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Daraa doctors treat wounded “far from the eyes of the regime”

Dr. Abu Abdullah al-Hourani is an obstetrician-gynecologist who works at several field hospitals in southern Daraa province. He talked to the Syrian Voice’s correspondent in Daraa about how he started to practice medicine during the revolution in secret, smuggling wounded patients from place to place so they weren’t executed.

After graduating medical school in 2011, Dr. Abu Abdullah worked at several hospitals in his birthplace Inkhil city and the city of Jasim.

“The revolution has suffered from a lack of doctors since it began,” Dr. Abu Abdullah told the Syrian Voice. 

“Some doctors purposefully avoided administering first aid to the wounded, or left Syria for other countries.”

Abu Abdullah worked in Syrian government hospitals and clandestinely treated rebels until he was fired from his job in 2013, after the regime learned he was treating both opposition fighters and protesters injured during peaceful demonstrations in the Houran region of Daraa.

“The regime considers every wounded patient to be a terrorist who doesn’t deserve to be treated…[so we] treat the wounded in cellars, and in narrow, closed-off neighborhoods, in houses far from the eyes of the regime. We’re afraid that the injured will be executed and the doctor forced to pay for his crimes.” 

The presence of medical equipment was proof that doctors were treating wounded civilians early in the revolution. So doctors hid their instruments in hard to reach areas, afraid that the regime would find and confiscate them, in addition to the fact that medical supplies are “rare currency” that is hard to replace, said Dr. Abu Abdullah.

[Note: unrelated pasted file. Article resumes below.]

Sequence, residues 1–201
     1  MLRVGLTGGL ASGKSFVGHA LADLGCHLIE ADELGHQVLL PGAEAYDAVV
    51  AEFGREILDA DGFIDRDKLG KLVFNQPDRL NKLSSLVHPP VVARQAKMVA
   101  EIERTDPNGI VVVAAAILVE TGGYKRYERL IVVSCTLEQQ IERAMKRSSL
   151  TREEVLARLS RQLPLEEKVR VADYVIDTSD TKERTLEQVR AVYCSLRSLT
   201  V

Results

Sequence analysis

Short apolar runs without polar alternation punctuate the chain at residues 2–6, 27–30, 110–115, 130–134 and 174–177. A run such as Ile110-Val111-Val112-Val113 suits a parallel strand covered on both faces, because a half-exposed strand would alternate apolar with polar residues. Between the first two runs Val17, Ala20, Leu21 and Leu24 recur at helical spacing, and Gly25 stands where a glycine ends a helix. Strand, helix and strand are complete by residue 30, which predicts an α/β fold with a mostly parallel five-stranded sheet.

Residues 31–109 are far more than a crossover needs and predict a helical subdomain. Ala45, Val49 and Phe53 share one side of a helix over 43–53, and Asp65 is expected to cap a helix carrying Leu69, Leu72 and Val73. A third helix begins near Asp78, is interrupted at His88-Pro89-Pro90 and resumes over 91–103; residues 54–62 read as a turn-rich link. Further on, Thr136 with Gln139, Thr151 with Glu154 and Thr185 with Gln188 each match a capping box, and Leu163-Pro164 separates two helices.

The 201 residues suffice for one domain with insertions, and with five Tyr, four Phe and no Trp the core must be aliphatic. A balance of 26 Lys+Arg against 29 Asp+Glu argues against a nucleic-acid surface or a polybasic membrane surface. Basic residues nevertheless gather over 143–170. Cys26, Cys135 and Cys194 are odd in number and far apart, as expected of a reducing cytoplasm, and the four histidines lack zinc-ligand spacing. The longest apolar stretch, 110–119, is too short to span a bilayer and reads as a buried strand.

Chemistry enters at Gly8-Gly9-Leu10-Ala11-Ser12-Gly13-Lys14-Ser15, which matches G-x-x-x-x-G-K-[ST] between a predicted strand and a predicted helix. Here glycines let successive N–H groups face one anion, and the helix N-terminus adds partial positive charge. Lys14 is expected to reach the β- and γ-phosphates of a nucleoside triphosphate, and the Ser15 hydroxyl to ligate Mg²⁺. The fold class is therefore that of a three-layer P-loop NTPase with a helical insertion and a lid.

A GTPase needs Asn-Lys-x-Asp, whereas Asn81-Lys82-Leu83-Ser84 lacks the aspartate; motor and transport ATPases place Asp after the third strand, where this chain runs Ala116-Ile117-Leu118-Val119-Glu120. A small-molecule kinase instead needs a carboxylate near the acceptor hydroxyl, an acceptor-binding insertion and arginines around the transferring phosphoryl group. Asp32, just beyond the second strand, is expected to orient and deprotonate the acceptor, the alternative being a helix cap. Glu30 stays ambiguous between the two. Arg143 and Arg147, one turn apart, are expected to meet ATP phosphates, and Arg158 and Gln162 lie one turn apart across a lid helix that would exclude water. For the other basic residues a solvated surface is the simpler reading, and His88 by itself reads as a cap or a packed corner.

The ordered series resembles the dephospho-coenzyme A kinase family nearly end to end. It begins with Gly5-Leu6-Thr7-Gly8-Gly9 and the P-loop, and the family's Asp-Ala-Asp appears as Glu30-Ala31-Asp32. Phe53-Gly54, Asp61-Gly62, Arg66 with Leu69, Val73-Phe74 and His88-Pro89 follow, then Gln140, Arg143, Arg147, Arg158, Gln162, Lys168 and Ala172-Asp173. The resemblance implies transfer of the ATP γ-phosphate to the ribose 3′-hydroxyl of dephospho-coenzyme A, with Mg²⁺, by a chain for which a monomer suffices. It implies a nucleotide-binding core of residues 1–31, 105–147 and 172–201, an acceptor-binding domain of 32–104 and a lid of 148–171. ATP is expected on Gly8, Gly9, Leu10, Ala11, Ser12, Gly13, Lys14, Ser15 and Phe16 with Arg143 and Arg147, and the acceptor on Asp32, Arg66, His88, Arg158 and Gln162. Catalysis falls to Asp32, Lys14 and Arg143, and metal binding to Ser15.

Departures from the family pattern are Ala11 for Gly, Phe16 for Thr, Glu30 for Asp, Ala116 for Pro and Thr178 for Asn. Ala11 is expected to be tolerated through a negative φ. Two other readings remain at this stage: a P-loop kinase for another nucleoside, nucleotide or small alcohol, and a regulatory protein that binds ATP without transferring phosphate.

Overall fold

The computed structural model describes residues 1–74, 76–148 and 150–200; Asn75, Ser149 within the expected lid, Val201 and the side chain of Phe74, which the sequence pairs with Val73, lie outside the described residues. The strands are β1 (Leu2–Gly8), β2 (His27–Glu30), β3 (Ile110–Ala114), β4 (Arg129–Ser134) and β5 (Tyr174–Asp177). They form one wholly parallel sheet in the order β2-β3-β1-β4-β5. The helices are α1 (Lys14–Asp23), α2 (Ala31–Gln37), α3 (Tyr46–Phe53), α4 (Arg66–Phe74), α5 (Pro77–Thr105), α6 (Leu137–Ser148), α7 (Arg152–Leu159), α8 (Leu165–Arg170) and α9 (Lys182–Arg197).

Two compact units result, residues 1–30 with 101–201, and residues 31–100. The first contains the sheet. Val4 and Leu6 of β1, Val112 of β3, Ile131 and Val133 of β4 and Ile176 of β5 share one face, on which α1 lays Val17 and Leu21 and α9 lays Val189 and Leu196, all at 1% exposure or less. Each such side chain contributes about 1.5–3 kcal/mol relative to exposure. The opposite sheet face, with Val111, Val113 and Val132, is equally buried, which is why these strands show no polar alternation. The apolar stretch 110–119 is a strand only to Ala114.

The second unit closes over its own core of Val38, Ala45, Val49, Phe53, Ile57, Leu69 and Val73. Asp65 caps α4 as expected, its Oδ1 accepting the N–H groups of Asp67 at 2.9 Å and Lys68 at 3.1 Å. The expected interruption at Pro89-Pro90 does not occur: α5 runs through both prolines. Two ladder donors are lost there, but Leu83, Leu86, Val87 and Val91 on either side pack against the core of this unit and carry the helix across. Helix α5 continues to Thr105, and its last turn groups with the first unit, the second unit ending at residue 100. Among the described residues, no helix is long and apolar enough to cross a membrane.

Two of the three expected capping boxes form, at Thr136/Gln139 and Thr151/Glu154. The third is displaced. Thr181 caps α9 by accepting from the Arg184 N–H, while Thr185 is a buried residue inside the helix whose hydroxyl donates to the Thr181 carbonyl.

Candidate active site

As the revolution progressed doctors began to establish and develop informal medical points that turned into field hospitals. Dr. Abu Abdullah and a number of other doctors established the Syrian Martyrs hospital in 2013 in Inkhil city, and al-Radwan hospital in Jasim city in the northwest Daraa countryside.

He worked for a year in the hospitals, then returned to his work as an obstetrician-gynecologist, but continues to provide first aid when residential areas are targeted and large numbers of casualties come in.

Dr. Abu Abdullah treats between 70 and 80 cases a day between the field hospitals and his private clinics. He conducts an average of 24 surgeries a month, and doesn’t enjoy a weekend, which mirrors the lives of other doctors who have stayed in rebel-held areas.

Regime warplanes conducted airstrikes last Sunday on the al-Radwan hospital that Dr. Abu Abdullah helped to establish, killing 10 people including a doctor, nurse, four women and children.

“Warplanes targeted the hospital directly with three missiles, which destroyed the fourth floor of the hospital, the generator room, emergency room, my car and the administrative head’s car,” the hospital director told the Syrian Voice.

“Ten people died, including the administrative head and the hospital pharmacist. Thirty people were wounded including myself,” he said.

“Al-Radwan hospital was extremely important in the area because all kinds of specialists worked there.”

“Some medical organizations have promised to rebuild the hospital but haven’t sent us anything until now. We have two choices: either rebuilding the hospital, or closing it and distributing personnel among the other hospitals in the area.”

The regime arrested 220 doctors in Daraa province from the beginning of the revolution until last April, according to the Syrian Human Rights Committee. Some were released and others remain in prison or have met an uncertain fate. 

Daraa province’s first doctor to fall victim to the regime was Ali Ghasab al-Mahamid, when regime forces assassinated him on March 22, 2011 as he was providing first aid to people in the al-Umri mosque. Dr. al-Mahamid was killed along with all of his accompanying staff.

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